Below I’ve listed current and upcoming electric cars which can/will be able to tow that are coming to the UK, and some that might be. Click on the title for each car to go its specific post with more details. I’ll be updating the list and the individual vehicle posts over time with updates on towing examples/reviews etc. I’ve separated the cars below by towing capacity in ascending order, with electric cars/trucks that might come to the UK at the bottom. I hope the information below can help you to find your next electric tow car. 🙂
Please click the link above to go to my electric tow car Guides & FAQ page which will help to answer some questions you may have. I provide answers to questions such as which electric tow cars have the longest range and the fastest charge rates. I also discuss other important factors to electric car towing such as efficiency, aerodynamics and speed. Finally, there are my guides on rapid/destination charging.
Towing Capacity Up To 1,000 KG
The Ford Mustang Mach-E has a towing capacity of 750 kg, which is rather low for a Sports Utility Vehicle. The Mach-E will only be able to tow small cargo trailers and lightweight camping trailers/teardrop caravans. Compared to the competition, the Mach-E does not stack up well when it comes to towing.
Back in 2017 when the I-Pace was first launched Jaguar stated no towing capacity would be provided. Jaguar did decide to reverse that decision when the I-Pace become available for purchase in 2018, though the stated towing capacity of 750 kg is disappointing, and not competitive against other luxury electric SUVs, for instance, the Audi E-Tron and Mercedes EQC.
The iX3 is a fully electric battery conversion of BMW’s popular compact SUV the X3 which I’ve seen towing many caravans. However, its very unlikely that I’ll see the BMW iX3 towing a caravan due to its disappointing 750 kg towing capacity.
The EQA is a fully electric conversion of Mercedes petrol/diesel GLA. While the GLA features a very capable 2,000 kg towing capacity, unfortunately, the EQA is nowhere near as capable with a tiny 750 KG towing capacity. The EQA also features below average range and fast/rapid charging speeds.
The UK spec Tesla Model currently has a tow rating of 1,000 kg (was previously 910kg). Factory fitted tow package required. The real-world range of the Long Range Dual Motor is 290 miles, resulting in a guestimated towing range of 145 miles. The Model 3 Performance has not been given a tow rating. The Tesla Model 3 can charge at a V3 Tesla Supercharger at up to 250 kW.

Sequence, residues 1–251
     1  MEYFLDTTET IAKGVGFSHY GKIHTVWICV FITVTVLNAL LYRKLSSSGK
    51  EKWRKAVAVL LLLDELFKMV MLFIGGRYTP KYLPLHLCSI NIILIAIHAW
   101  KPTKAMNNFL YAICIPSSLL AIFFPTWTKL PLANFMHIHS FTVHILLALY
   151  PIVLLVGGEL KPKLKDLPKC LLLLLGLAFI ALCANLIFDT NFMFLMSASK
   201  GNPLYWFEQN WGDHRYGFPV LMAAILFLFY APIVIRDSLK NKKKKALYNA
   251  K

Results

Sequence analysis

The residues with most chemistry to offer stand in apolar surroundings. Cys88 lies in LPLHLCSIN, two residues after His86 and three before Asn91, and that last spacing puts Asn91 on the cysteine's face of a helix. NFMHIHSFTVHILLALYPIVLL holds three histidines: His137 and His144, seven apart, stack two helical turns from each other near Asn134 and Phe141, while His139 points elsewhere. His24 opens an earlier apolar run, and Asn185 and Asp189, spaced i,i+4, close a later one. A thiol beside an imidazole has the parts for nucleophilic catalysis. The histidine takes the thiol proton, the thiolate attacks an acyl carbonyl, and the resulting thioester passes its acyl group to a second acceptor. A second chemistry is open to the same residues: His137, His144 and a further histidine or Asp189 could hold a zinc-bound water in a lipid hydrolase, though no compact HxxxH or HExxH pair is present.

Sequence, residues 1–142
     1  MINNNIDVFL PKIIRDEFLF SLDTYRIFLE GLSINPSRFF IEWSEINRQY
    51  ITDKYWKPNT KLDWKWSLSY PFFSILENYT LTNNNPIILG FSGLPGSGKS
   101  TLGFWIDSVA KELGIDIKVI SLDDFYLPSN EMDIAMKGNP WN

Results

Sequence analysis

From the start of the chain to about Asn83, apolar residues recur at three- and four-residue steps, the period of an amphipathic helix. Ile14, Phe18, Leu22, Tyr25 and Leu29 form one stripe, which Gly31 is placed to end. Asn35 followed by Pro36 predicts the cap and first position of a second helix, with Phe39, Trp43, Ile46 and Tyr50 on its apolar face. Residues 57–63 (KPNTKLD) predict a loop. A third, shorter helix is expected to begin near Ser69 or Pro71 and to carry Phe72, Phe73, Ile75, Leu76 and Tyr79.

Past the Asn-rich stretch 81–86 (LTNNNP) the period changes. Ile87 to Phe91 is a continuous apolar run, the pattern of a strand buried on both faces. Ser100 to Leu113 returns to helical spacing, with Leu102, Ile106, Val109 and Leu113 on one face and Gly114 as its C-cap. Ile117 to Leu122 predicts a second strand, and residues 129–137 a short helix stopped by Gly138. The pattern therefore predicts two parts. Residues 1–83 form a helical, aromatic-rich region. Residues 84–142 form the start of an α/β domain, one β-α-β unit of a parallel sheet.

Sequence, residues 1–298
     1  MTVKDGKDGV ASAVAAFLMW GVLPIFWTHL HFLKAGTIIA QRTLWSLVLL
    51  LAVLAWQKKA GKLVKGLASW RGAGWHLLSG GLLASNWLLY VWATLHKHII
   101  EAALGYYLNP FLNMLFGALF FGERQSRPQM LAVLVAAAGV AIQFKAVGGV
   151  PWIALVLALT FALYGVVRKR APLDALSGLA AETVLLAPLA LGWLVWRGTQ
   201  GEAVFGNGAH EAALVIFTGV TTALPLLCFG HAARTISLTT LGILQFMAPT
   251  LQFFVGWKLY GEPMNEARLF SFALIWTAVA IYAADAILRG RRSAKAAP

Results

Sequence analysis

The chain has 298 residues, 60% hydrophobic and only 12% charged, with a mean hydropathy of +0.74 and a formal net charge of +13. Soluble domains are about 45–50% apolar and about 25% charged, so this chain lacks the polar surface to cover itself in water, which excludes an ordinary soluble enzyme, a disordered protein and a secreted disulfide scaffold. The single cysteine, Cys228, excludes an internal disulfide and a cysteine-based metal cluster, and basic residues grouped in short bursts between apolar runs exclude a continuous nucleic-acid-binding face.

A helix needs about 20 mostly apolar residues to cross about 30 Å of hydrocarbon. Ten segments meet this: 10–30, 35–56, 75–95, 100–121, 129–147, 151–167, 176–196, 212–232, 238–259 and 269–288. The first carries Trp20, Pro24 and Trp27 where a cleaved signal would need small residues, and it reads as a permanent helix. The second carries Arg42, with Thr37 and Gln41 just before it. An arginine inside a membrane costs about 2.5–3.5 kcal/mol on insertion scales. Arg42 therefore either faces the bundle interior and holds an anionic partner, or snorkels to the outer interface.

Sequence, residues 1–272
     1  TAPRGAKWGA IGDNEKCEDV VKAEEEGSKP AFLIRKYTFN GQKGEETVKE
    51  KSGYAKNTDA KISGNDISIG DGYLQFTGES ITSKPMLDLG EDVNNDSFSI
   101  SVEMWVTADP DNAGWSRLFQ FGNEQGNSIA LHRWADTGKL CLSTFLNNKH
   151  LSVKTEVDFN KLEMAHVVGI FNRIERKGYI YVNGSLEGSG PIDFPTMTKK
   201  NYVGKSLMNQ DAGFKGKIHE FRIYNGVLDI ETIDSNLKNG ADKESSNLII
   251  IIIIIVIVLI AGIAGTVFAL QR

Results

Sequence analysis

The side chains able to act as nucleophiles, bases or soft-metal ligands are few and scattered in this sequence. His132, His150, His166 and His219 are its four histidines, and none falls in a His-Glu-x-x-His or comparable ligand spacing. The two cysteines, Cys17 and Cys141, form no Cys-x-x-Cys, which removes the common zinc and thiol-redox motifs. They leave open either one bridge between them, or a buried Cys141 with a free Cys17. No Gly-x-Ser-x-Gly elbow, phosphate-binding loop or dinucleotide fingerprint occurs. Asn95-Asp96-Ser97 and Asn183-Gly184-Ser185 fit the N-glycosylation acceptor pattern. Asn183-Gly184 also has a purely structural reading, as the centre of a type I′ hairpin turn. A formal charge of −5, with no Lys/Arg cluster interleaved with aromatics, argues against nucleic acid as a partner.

The ID.4 is the first EV from VW with a rated towing capacity. While the RWD ID.4 1st has a 1,000 kg towing limit, AWD versions are expected to be able to tow up to 1,200 kg. Featuring a range of 245 miles (124 miles towing) and a DC fast charge rate of 125 kW.
Towing Capacity Up To 1,500 KG
The Skoda Enyaq is based on the same MEB electric platform as the VW ID.4 above. The RWD variants (60 & 80) of the Enyaq have a towing capacity of 1,000 kg. However, the AWD variants (80X & RS) having a higher towing capacity of 1,200 kg. While the Skoda Enyaq has practically identical capabilities to the VW ID.4, there is one significant difference, the price.
While the Q4 E-Tron may end up getting referred to as ‘the small E-Tron’ compared to the larger 50/55 Quattro E-Tron models, the Q4 E-Tron actually has more in common with the VW ID.4 and Skoda Enyaq which share the same platform.
The Nissan Ariya is set to launch in 2021, with predicted pricing starting from around £37,000. The Ariya will feature much-improved power, battery capacity and battery management over Nissan’s first EV the Leaf. With ranges from 200 miles up to 275 ish miles. When towing expect the range to be roughly 50% less.
The Polestar brand is a subsidiary of Volvo with the Polestar 2 being their first full EV based on a fastback design. Featuring AWD and a range of 235 miles, hence a predicted 50% towing range of 117 miles and 150 kW fast charging. The Polestar 2 shares the same EV platform as the Volvo XC40 Recharge.
The XC40 Recharge is the full EV version of the very popular/award-winning internal combustion XC40. The Recharge shares the same battery/motors as the Polestar 2, but with a lower real-world range around 200 miles. Therefore, the estimated 50% towing range will be 100 miles. The maximum charge rate is 150 kW.
While the Model Y shares roughly 75% of its components with the Model 3 it features a higher towing capacity of 1,500 kg. The Long Range Model Y will have a real-world range of 260 miles and a predicted towing range of roughly 130 miles. Tesla benefits from its own fast-charging network and the Model Y can charge from a V3 Supercharger at up to 250 kW.